The Bird in the Tree

‘The Bird in the Tree’ was the first Elizabeth Goudge novel I’ve ever read and certainly won’t be my last.

Published in 1940, The Bird in the Tree, is the first in a trio of novels – collectively called the Eliot Chronicles. The second and third books in the trilogy are ‘The Herb of Grace’ and ‘The Heart of the Family’.

For the Eliots of Damerosehay, the family homestead, Damerosehay, as such, is very much the central character in the story.

The Eliots are a large family and their story is as intricate and detailed as most familial tales. The matriarch, Lucilla, is still living- Mother to many children and grandmother to many more.

The children- her beloved son Maurice (father to David) and Roger have died in the Great War. All who remain are an unmarried daughter, Margaret , a son Hilary- a parson, Stephen and George who lives in India.

Damerosehay means a lot to Lucilla. She found it during a particularly troubled time in her life and sold the dwindling family fortunes to create a home – a sanctuary of sorts – that would protect her and her descendants for years to come.

Damerosehay is a large homestead situated along the Hampshire Coast. Surrounded by sprawling gardens, woods and marshes – the sea is not that far away and is a part of the charm of living at Damerosehay.

Grandson David, son of her favourite child Maurice, is the apple of Lucilla’s eye. They see eye to eye on many things- one of them being their shared passion for Damerosehay. Lucilla deems that David is the true future protector of the family fortunes – and she decides to bequeath Damerosehay to him upon her death. The other grandchildren, George’s children are still too young and uninitiated as to the great value of the estate.

However, David has a guilty secret of his own to disclose- a secret that threatens to break the Eliot family apart and the homestead that provides a roof over their heads.

Rather than fight a battle with David, Lucilla trusts that David’s love for Damerosehay will win through in the end and he will forsake his private passions for the greater good of the family.

In trying to persuade David to do this, Lucilla reveals secrets from her own past that are quite personal and that provide an example of her past sacrifices for her family.

Without giving too much of the plot away – the book is a gentle dialogue on the tousle men and women have of choosing between personal gratification or making choices that benefit family and future generations.

Whilst the story was a compelling one, what drew me to the book was Goudge’s unhurried storytelling, her talent for noticing the small things in life and her gift for writing beautifully about nature.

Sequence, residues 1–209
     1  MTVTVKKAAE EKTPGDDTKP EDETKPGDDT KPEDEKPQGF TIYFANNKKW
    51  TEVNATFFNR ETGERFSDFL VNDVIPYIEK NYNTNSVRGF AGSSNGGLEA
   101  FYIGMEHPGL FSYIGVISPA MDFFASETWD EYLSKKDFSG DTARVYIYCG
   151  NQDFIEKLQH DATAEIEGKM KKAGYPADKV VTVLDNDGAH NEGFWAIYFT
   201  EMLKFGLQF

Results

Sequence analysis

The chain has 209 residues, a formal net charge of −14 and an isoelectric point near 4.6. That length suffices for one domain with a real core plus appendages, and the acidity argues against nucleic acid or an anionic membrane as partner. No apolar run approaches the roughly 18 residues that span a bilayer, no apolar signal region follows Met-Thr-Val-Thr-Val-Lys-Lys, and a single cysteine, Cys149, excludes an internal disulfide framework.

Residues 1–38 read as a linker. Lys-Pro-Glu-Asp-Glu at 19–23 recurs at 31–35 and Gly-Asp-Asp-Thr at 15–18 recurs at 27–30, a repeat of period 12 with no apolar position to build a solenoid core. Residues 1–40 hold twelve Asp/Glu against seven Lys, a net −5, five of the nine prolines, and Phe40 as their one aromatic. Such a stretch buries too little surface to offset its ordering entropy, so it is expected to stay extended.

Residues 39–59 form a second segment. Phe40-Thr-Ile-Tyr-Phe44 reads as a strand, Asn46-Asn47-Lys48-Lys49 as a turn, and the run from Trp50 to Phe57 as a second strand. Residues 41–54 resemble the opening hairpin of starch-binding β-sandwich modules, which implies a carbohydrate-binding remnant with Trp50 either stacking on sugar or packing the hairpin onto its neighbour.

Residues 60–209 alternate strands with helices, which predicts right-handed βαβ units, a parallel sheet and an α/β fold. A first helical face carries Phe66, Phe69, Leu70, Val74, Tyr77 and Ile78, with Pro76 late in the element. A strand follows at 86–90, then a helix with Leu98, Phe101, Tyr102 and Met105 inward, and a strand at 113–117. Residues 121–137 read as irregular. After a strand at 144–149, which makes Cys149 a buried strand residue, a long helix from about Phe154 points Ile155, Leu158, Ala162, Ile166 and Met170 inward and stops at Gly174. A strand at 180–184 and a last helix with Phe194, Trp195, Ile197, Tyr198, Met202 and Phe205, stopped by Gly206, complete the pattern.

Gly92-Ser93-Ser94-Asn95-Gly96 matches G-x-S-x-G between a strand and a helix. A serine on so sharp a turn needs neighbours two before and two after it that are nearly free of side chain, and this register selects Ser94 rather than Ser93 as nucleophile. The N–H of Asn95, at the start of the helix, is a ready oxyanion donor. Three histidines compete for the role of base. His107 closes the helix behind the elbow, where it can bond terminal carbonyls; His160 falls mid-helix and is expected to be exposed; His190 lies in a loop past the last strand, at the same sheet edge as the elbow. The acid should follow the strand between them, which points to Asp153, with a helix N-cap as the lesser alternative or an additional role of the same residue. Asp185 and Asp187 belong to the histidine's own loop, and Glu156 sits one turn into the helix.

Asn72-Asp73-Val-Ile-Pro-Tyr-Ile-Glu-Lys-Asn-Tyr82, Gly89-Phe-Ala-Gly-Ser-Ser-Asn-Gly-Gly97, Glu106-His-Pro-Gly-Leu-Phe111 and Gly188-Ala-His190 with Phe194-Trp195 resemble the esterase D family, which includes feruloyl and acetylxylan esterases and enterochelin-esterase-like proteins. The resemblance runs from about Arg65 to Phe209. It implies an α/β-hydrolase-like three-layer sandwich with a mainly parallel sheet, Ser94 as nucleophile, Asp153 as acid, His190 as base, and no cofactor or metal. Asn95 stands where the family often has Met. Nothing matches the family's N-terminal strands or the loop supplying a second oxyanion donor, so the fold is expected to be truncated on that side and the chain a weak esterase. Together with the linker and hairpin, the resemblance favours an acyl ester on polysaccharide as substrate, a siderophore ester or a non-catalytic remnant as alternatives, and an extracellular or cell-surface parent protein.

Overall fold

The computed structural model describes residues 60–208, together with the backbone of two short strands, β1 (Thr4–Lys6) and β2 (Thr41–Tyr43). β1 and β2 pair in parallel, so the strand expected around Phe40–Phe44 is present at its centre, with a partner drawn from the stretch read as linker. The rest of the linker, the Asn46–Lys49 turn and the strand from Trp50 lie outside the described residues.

I’m quite eager to carry on with this family saga- and follow the future fortunes of the Eliots of Damerosehay.

Have you read this particular book and do you have a favourite Goudge novel?


11 thoughts on “The Bird in the Tree

  1. So happy to find someone else to enjoys Elizabeth Goudge. After discovering her a couple of years ago, she has quickly become one of my favorite authors. I greatly enjoyed the Bird in the Tree but some of my favorites are the Dean’s Watch and her autobiography Joy in the Snow.

    Liked by 1 person

    • Oh thank you for those recommendations. I’ve had The Dean’s Watch recommended to me on two occasions – so it must be good.


  2. I’ve loved Elizabeth Goudge since I was young, and have managed to collect most of her books, and re-read them often! Finding this shared, and spreading, love of her as an author has been one of the great joys of joining Instagram!

    Liked by 1 person

    • She’s been on my wishlist for many years – just because people whose taste in books I trust spoke so highly of her storytelling. Glad I was able to finally start reading her ๐Ÿ™‚


  3. I love this book and its sequel which is also called “Pilgrim’s Inn.” I did not care for the third one much. Besides the two Eliot Chronicles, I love “The White Witch.”

    Liked by 1 person

    • I’m really curious to see how David’s story progresses in the second book. Good to know you enjoyed the second one.


  4. Almost envying you for discovering such a lovely author now and having all the reading pleasure still ahead of you! Goudge is one of my favourites – so calm, slow and soothing. And taking in so many details… And knowing beauty around us is important and lifegiving (love your instagram, by the way! That’s how I found you! I’m not on instagram, otherwise I would have commented on your beautiful photos.)
    I love the Eliot trilogy. The novel you recommended is wonderful, but my favourite is “Pilgrim’s Inn”. I love books with a house as a main character…
    “City of Bells” is another favourite. I almost could smell the century-old houses!
    Looking forward to future visits on your lovely blog. Best to you from a fellow Persephone-lover!

    Liked by 1 person

    • Aww. Thanks for the lovely comment. I feel we are kindred spirits. I hope you will visit again soon. Thank you for those recommendations. I look forward to reading all the Goudge’s ๐Ÿ™‚


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